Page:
Defence Minister Arun Jaitley has hinted that incentives are being worked out to encourage domestic manufacturing in the defence sector so as to cut imports of combat planes, ships and submarines. In an interview to PTI, he said the government is working on a policy that will incentivise companies to set up manufacturing bases in India.
“We have so far liberalised our rules as far as investment is concerned… our companies, both defence PSUs and private sector companies have already started entering into arrangements with international majors with the object of establishment of manufacturing units in India,” he said.
But with government being the only buyer, manufacturing units generally will be set up only after orders are secured. “Now, in the context of defence, government is the only buyer and therefore, people will establish units only if there is a likelihood of they getting business and therefore, our policies have to be tuned to this reality,” he said.
Asked if the policy under consideration would lead to any change in the offset policy, he said there will be no change.
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Under defence offset, a foreign supplier of equipment has to manufacture a given percent of his product (in terms of value) in the buying country. This may also be through technology transfer.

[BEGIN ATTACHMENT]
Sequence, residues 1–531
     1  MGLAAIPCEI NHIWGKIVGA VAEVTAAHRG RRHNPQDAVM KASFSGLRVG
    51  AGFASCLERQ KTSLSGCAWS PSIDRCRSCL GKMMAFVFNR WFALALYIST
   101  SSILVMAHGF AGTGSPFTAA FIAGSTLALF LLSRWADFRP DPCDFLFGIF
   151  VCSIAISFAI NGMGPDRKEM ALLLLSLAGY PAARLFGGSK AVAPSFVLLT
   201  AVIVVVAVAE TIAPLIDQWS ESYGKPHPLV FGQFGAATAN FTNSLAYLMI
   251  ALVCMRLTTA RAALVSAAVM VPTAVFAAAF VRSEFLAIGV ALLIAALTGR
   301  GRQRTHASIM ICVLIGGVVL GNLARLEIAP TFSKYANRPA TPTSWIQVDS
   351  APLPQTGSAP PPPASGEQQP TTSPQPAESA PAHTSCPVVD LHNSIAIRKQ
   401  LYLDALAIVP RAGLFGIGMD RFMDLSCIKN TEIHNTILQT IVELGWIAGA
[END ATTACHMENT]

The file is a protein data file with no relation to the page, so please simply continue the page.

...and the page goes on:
“Our policies have to be tuned so that we are able to incentivise people that it is worthwhile to setup manufacturing bases in India,” he said.
He did not elaborate on the policy in works or whether it will include tax incentives and state support.
Jaitley said the response to Make in India in defence has been encouraging.
India is the world’s largest arms importer, spending some 1.8 per cent of its GDP on defence. It imports about 70 per cent of defence equipment, a proposition which the government wants to change.
With its growing global clout, India — which has topped the Stockholm International Peace Research Institute’s list of largest defence importers for the last seven years — is looking at self-reliance in aerospace and defence industry.
The government has pledged to spend $250 billion by 2025 on weapons and military equipment.
Jaitley had last month in US stated that the policy will help major global defence companies set up manufacturing units in the country in collaboration with Indian firms.
“Under our changed policy, we are in the future going to concentrate not merely in buying from the rest of the world, but encouraging global defence majors in collaboration with Indian companies to set up manufacturing units in India,” he had stated.